Georgia State top donor convicted of accounting fraud charges

Parker H. “Pete” Petit, an alumnus of and former multi-million-dollar donor to Georgia State, pleaded guilty on fraud accounting charges

Audrey Strauss, the acting U.S. attorney for the Southern District of New York, announced after a four-week trial, Petit was convicted of one count of securities fraud that carries up to 20 years in federal prison. 

Along with William Taylor, the former chief operating officer of MiMedx Group, Inc., who pleaded guilty of conspiracy to commit securities fraud, making false statements in filings to the U.S. Securities and Exchange Commission and misleading the audits’ conduct. Taylor’s charges carry a sentence of up to five years in prison.

Both convictions stem from Petit and Taylor’s participation in a scheme to inflate MiMedx’s revenue fraudulently. 

According to an additional civil suit filed against Petit and two of his associates, MiMedx “engaged in a wide-ranging fraud designed to artificially inflate the company’s reported revenue.” 

Petit stands guilty of inflation by channel stuffing, which is the practice of a company inflating its sales and earnings figures by deliberately sending retailers along its distribution channel more products than they can sell to the public.

In 2018, the SEC began an investigation into Petit, former CEO of MiMedx, which resulted in his federal indictment on accounting fraud charges for his participation in MiMedx’s revenue scheme.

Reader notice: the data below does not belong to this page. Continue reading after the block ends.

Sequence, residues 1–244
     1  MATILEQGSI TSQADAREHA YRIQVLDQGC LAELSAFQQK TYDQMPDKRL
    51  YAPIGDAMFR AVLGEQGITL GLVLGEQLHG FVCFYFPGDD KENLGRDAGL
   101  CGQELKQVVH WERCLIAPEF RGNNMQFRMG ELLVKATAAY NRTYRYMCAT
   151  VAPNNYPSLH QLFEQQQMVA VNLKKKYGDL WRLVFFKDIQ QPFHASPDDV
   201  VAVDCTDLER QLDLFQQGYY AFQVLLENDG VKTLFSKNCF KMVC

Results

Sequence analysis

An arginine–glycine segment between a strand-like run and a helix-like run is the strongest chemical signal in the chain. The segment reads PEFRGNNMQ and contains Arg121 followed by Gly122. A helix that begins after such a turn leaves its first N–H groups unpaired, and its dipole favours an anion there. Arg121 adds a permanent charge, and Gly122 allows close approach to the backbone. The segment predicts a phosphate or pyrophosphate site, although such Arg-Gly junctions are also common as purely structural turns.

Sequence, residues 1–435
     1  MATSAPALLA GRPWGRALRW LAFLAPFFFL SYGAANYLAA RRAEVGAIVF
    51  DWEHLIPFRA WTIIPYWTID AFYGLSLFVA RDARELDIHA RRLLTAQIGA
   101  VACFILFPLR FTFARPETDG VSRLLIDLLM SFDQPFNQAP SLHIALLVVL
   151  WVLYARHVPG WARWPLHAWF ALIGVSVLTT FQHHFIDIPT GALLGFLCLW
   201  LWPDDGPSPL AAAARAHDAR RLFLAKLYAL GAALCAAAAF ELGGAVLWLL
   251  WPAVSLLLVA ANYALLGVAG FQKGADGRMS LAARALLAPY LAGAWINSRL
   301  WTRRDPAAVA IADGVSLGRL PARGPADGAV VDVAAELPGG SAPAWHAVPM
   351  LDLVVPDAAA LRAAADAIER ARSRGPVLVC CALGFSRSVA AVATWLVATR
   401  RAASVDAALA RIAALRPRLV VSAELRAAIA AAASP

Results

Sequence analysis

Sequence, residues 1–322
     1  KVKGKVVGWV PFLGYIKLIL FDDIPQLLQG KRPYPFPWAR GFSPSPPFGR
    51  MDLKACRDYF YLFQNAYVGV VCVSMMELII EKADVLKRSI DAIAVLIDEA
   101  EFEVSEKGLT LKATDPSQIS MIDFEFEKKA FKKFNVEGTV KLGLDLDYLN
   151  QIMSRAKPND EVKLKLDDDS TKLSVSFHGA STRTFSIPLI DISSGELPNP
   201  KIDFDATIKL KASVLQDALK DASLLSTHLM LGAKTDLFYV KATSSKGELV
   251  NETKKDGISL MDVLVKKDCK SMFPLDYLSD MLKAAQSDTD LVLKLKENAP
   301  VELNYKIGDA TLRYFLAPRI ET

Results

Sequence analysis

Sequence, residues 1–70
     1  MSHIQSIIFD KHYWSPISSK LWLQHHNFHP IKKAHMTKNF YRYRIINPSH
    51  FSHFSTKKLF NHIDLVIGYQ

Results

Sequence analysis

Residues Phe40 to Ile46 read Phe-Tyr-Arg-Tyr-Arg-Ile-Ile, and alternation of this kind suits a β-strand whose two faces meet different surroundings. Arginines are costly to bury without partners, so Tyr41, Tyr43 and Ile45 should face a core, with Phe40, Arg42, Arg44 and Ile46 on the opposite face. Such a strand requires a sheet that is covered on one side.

“As the jury found, Parker Petit and William Taylor employed secret agreements and corrupt financial inducements with four distributors to materially misstate the quarterly and annual sales revenue of MiMedx,” Strauss said. “In the process, they deceived the SEC, auditors and the investing public, repeatedly misrepresenting the financial condition of their publicly-traded company. 

Although Petit has repeatedly denied all charges and allegations against him and his former company, in 2018, MiMedx walked back multiple years of financial reports under investigation by the SEC when Petit was CEO at the time.

On June 30, 2018, Petit resigned from MiMedx amid those allegations. However, in September 2018, it was discovered that the company’s board of directors forced him to resign.

Petit has come under scrutiny from the U.S. Department of Justice, the U.S. Securities and Exchange Commission, the Department of Veterans Affairs and the Food and Drug Administration. He is also involved in lawsuits with ex-employees and shareholders.

The Signal previously reported in August 2017, Georgia State announced Petit’s pledge of $10 million to the Georgia State Athletics Department. In return, the department stamped Petit’s name on Georgia State’s new football field. 

In a previous statement that the University System of Georgia issued in 2018 to The Signal, Vice Chancellor for Communications Jen Ryan said that the Board of Regents was aware of the SEC’s action against Petit and “will continue to closely monitor the situation as it develops.”

The USG policy stipulates that it is under the jurisdiction of the USG Chancellor and the Board of Regents to decide the renaming of buildings and structures.

Petit is scheduled to be sentenced on Feb. 23, 2021, and Taylor is expected to be sentenced a day after Petit.